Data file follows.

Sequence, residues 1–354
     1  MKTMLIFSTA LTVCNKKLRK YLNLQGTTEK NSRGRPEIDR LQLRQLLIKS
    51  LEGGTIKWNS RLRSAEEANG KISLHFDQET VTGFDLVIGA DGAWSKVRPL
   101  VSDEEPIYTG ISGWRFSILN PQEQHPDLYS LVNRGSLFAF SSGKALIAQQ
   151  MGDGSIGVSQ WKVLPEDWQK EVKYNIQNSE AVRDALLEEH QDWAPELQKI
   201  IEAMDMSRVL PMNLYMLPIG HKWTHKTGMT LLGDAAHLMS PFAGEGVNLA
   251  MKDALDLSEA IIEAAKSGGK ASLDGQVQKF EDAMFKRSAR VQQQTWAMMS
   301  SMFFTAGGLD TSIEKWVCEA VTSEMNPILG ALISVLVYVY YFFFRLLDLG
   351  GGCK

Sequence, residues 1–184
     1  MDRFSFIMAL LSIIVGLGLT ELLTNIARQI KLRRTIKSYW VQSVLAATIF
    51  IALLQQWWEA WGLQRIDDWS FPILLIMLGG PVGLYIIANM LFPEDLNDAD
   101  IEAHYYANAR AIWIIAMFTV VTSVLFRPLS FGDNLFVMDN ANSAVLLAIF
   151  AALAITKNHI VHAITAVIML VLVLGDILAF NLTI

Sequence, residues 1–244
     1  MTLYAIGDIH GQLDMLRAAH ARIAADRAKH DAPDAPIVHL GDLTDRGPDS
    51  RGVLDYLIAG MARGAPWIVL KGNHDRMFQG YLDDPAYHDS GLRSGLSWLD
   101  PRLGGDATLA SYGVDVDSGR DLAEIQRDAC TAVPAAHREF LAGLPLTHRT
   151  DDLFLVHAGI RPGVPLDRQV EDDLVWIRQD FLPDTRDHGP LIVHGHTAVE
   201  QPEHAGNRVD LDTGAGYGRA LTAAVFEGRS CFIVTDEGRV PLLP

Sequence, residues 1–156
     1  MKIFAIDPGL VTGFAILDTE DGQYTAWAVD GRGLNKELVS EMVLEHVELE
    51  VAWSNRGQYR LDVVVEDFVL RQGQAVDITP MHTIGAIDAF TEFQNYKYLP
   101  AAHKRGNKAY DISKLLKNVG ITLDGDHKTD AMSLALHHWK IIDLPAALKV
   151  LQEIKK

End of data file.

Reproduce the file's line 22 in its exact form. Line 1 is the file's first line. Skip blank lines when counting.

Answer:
     1  MKIFAIDPGL VTGFAILDTE DGQYTAWAVD GRGLNKELVS EMVLEHVELE